PORTSMOUTH, VA -- When performed properly, aerobics, resistance training and swimming may be beneficial for pregnant women, according to a recently released study by researchers at Naval Medical Center Portsmouth (NMCP), VA.
"In the past, physical activity was looked at to be potentially harmful to the developing baby, and there's just been hesitancy to adopt the new recommendation. Through our study, we hope to show that exercise is safe for pregnant women," said Capt. Everett Magann, chairman of the medical center's Department of Obstetrics and Gynecology, and professor for the Department of Obstetrics and Gynecology at the Uniformed Services University of the Health Sciences (USUHS).
The study was published in the August 2009 Journal of the American Academy of Orthopedic Surgeons and is the culmination of nearly 10 years of global research by Magann and Capt. Marlene DeMaio, co-author of the study and director of research, NMCP's Department of Orthopedic Surgery, and associate professor, USUHS Department of Surgery.
The health benefits of exercise for pregnant women included improved aerobic capacity and blood pressure, improved response to carbohydrates and decreased blood glucose, study authors found.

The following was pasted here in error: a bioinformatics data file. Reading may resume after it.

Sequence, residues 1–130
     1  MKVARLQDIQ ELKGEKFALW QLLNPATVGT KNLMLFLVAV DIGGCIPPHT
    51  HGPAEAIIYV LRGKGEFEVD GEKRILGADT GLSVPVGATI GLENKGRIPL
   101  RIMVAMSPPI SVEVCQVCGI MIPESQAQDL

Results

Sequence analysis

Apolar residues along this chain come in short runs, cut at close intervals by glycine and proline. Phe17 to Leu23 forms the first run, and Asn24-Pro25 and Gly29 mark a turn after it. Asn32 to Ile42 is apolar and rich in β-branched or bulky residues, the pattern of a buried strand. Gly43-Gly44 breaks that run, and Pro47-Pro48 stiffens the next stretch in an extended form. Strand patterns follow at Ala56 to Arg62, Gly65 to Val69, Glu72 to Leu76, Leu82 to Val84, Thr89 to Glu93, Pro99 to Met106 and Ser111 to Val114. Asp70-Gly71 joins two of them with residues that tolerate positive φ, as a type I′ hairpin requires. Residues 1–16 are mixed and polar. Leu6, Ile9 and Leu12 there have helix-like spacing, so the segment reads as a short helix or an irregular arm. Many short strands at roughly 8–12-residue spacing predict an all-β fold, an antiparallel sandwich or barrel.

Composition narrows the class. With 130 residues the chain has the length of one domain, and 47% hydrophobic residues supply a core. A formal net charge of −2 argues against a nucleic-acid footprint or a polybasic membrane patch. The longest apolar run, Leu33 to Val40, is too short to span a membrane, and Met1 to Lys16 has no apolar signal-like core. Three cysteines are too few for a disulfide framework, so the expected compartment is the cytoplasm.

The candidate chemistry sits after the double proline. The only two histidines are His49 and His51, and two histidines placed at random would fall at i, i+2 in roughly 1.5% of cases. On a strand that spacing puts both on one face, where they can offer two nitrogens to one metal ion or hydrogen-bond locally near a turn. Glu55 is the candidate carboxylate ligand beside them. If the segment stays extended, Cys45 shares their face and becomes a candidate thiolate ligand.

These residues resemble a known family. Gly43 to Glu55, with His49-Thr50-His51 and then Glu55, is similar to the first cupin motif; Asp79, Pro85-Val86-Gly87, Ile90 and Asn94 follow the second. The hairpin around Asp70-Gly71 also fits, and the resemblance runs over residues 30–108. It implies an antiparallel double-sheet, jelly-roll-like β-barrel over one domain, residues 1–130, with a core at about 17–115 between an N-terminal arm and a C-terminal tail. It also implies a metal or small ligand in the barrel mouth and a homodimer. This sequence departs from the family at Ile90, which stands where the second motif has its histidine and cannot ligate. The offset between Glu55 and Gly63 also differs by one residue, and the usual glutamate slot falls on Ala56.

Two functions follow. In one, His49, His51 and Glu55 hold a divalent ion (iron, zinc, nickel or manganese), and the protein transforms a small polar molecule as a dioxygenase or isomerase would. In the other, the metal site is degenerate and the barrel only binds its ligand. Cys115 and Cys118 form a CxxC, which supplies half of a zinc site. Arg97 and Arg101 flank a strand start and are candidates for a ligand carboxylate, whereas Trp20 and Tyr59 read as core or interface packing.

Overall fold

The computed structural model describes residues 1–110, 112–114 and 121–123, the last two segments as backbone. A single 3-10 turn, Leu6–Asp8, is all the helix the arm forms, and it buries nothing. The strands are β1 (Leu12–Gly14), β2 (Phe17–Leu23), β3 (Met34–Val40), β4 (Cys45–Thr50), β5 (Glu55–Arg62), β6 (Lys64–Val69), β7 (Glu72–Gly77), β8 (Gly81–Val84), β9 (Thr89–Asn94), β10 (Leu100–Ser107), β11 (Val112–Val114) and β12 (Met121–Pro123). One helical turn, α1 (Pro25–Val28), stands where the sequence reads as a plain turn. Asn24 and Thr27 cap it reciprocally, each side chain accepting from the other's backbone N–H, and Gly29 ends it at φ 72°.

In addition, the study found that pregnant women’s self-esteem improved, as did the physical discomforts of pregnancy.
DeMaio said information published by other international scientists supports their study, such as research by the Society of Obstetricians and Gynecologists of Canada, as well as their counterparts in the United Kingdom, Australia and New Zealand.
"There are documentations, studies and consensus recommendations by every English-speaking governing board in the world that say exercise in low-risk pregnant woman is not only safe, but recommended," DeMaio said.
DeMaio added that there are plans to continue the research with a focus on military members.
"There is great potential for military relevant research," DeMaio said. "These findings will be important for the military at large, as well as the civilian world."